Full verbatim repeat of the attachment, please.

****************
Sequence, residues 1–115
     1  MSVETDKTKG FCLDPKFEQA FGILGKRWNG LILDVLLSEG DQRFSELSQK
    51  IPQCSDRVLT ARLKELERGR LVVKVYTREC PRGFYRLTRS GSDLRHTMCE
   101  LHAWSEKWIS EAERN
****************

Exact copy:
Sequence, residues 1–115
     1  MSVETDKTKG FCLDPKFEQA FGILGKRWNG LILDVLLSEG DQRFSELSQK
    51  IPQCSDRVLT ARLKELERGR LVVKVYTREC PRGFYRLTRS GSDLRHTMCE
   101  LHAWSEKWIS EAERN